Why do I need health insurance if I’m young and healthy?


Feeling invincible is one of the perks of being young, but you can run into trouble if you make financial decisions on the basis of that feeling. Aside from that fact that getting health insurance is now legally required, it’s also an acknowledgment that today’s wellness doesn’t guarantee tomorrow’s safety.

Accidents Happen.  Even to Healthy People.

Since you’re healthy, you probably like to get outside. Maybe you’re into extreme sports, fitness and exercise in nature, or just an avid explorer.   Although fun, these can also be a source of potential catastrophe. Don’t get us wrong, we want you to keep at it  — but we also want to remind you that everything worthwhile in life carries some risk. Health insurance is a way to ensure that a physical mishap doesn’t spell financial disaster.

Health Insurance Probably Costs Less Than You Think

For starters, you may already know that 83 percent of people with Obamacare receive a discount on their premiums through the Affordable Care Act. Most ended up paying less than $75 per month. Furthermore, if your state is among the 32 that have expanded Medicaid, you can qualify for absolutely free health coverage if your income is below 138 percent of the poverty line. State rules vary slightly, but in Washington State, you qualify for Medicaid if your income as a single person is below $16,248 per year. Also, if you’re under 26, you can usually still be added to your parents’ health plan, even if you’re entirely self-sufficient and living in a different state.

Postponing Health Care Isn’t Good Money Management

Having health insurance encourages you to get any potential health issues treated while they’re still small. Statistics show that 33 percent of uninsured people tend to postpone getting medical care, which is a big reason why primary care and preventive visits are covered under every health plan in the marketplace. It costs you way less if you go in today to have that curious swelling checked out, rather than wait a few months, hoping it goes away.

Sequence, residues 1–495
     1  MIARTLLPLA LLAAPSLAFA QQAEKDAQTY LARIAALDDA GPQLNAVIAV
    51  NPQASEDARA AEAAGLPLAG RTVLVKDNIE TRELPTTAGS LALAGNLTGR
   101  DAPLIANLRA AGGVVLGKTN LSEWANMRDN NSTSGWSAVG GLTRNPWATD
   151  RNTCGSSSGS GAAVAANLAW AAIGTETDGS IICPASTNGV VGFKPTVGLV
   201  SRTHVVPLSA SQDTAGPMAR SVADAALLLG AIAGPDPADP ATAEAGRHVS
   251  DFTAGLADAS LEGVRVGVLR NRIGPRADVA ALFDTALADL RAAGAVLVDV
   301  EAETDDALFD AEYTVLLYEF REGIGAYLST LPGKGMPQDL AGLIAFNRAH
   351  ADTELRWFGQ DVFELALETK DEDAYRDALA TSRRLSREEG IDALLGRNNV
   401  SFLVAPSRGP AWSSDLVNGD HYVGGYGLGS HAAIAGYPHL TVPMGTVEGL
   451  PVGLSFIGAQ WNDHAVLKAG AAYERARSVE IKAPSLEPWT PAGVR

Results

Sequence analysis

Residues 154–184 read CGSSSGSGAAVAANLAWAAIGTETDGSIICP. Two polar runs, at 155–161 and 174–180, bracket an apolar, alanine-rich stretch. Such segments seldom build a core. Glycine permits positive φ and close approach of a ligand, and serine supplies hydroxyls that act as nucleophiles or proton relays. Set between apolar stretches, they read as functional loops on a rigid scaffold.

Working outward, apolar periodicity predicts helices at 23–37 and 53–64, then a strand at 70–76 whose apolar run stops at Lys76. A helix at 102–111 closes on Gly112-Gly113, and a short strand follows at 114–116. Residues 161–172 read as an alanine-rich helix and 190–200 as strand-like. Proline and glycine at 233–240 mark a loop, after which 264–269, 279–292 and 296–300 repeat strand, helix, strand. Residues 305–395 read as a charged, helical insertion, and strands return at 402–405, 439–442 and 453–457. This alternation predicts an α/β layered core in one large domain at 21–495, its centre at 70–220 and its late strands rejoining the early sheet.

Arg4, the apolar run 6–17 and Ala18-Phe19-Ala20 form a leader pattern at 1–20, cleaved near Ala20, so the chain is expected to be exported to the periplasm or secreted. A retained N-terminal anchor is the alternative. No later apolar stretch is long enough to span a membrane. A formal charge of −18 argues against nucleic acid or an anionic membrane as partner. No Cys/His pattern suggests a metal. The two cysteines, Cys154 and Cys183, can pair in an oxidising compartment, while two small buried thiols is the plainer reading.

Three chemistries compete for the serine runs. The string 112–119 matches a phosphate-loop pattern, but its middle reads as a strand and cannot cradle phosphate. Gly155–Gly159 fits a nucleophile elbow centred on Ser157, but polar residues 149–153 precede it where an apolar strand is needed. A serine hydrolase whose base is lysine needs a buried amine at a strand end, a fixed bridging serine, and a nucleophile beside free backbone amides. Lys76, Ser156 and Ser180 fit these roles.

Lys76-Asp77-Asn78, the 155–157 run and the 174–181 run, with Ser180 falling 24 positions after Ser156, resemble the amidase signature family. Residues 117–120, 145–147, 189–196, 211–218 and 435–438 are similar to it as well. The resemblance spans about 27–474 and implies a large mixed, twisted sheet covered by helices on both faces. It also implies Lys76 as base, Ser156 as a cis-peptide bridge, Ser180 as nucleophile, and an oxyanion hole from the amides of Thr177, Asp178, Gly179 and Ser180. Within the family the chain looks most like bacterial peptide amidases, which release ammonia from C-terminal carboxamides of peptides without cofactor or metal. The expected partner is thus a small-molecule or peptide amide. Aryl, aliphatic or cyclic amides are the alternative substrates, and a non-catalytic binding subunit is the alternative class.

It’s the Law

The Affordable Care Act is a federal law, and the penalties for non-compliance will ramp up for 2016. Foregoing health insurance will now cost you 2.5 percent of the part of your household income that’s subject to income tax, OR $695 per person, whichever is more. The average penalty in 2016 for non-compliant households is expected to be about $969. It may cost you less to get coverage than it will to pay the penalty.

It May Not Be Too Late to Get Coverage This Year

Now that you’ve read this far, you might be wishing you had signed up for coverage during the 2016 open enrollment period (which ended on January 31). There’s good news for you, however: The Affordable Care Act has plenty of built-in exceptions that qualify people to sign up for health insurance during the rest of the year. You can learn about Special Enrollment Periods and see if you qualify. Missing just one or two months of coverage won’t trigger the penalty, but if you go longer without insurance, each month will cost you 1/12 of that increasingly hefty fine. You’ve got better things to do with your money than pay federal tax penalties.
Our licensed brokers would be happy to help you understand your health care options and deal with the paperwork for enrollment. Make an appointment today if you’d like to learn more.

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